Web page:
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As declining origination volume continues to be the new norm, lender consolidation is becoming an industry trend. With a career of breaking down gender barriers, Mary Ann McGarry knows adaption is the means to survival.

McGarry is the CEO of Guild Mortgage, a San Diego-based lender that's been in business for over 56 years.

National Mortgage News asked McGarry five questions about her experience in the industry and her take on the originations market for 2019. Responses have been edited for length and clarity.
By and large, the mortgage industry is "pale, male and stale," according to last year's MBA Chairman Dave Motley. How did you break in and what were your biggest obstacles getting to where you are today?
I got my start in the mortgage industry in internal audit with my background in public accounting. From the beginning of my career, I focused on the job and never on the fact that I was a woman. I'm very solution-oriented and learned quickly that when you can help the company improve efficiencies and/or profitability, you're always going to be noticed.

It's important to be confident in who you are and not intimidated. It's fairly common for women to be hesitant to ask for what they're worth salary-wise. Stand up for yourself and what you're worth.
What advice would you give other women aspiring to reach your heights?
The best advice I can give is to be confident, be collaborative and be the best at what you do. Stay focused on your goal and don't let people bring you down. There will always be someone who doesn’t think you’re capable of advancing to where you want to be, whether you're a woman or not. You can't let that be an excuse. Break down walls and barriers and focus on the end result.

The industry is constantly changing, so you have to be flexible and adaptable. The people who take initiative and come up with creative, outside-of-the-box solutions are those who succeed. If you can do those things, collaborate with others and focus on being solution-oriented, you will have a long career. Also, never think any task is below you. Whatever it takes to get the job completed. Be a team player.

I also recommend making a concerted effort to train someone below you so they can take your position and allow you to move up the ladder.
Nationally, mortgage originations have declined annually for four consecutive quarters. Do you see this trend continuing and why?
Yes, I do see originations continuing to decline. However, we'll start to see it stabilize a bit. The current market is incredibly competitive and we're seeing irrational pricing with very thin margins.

Small-to-midsized production companies have a difficult time surviving in this type of environment. I see a lot of lenders consolidating and exiting the business, while others will grow and capture more market share.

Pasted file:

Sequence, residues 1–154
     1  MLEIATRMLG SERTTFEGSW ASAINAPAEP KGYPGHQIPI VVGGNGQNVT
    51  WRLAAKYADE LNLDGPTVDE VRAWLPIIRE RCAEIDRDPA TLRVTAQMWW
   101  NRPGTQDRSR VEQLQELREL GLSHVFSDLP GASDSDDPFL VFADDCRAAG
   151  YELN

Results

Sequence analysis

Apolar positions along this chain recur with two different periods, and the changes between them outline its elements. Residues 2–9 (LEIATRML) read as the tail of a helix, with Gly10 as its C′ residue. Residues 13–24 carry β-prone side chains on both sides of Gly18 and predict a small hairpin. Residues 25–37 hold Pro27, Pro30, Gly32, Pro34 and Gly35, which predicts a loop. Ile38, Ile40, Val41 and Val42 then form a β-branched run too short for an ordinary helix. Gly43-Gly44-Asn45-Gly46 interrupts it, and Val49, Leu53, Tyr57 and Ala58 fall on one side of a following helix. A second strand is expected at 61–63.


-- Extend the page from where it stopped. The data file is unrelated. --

I believe we're in the new norm and this is what the market will look like for the foreseeable future. Originations will be more competitive and those who can adapt to the market change will survive.
The latest breakdown of mortgage applications showed a 58% split for purchases and 42% for refinances. How do you predict that split of originations goes in 2019?
We'll definitely see more purchase and less refi applications next year. As rates continue to rise, there will be less and less of a market for refinances. I'd estimate we'll see refis drop down to 30% to 35% of applications.

Overall, the market will look a lot like this year, but we could certainly see a shakeout of lenders. We'll see more consolidation and people either moving or exiting the business, which may free things up by the second half of the year.

I think you'll start to see more creative products as lenders compete for their piece of the pie in 2019. We'll see the private market come back and start to impact the competitive landscape, as well.
Millennials are in the prime age bracket for home buying, but are having trouble buying houses for a variety of reasons. How will the market shift to accommodate them? Is there anything they can do to help themselves?
Education and awareness on mortgage options will be key for millennials. Many millennials and other first-time homebuyers believe they need to have a lot of money to put down, but they don't. We'll see investors coming up with creative products and pilot programs to target millennials because they are a great market with huge potential.

At Guild, we offer the 3-2-1 Home program with The Home Depot, which provides first-time homebuyers with a low down payment option. Customers can purchase a home with as little as 3% down. Guild provides a $2,000 Home Depot Gift Card and a $1,500 grant that can be applied toward closing costs or increasing the down payment after the minimum 3% investment is met. We have several other bond and down payment assistance programs as well.

We'll likely start to see more affordable homes and affordable lending programs for millennials, too.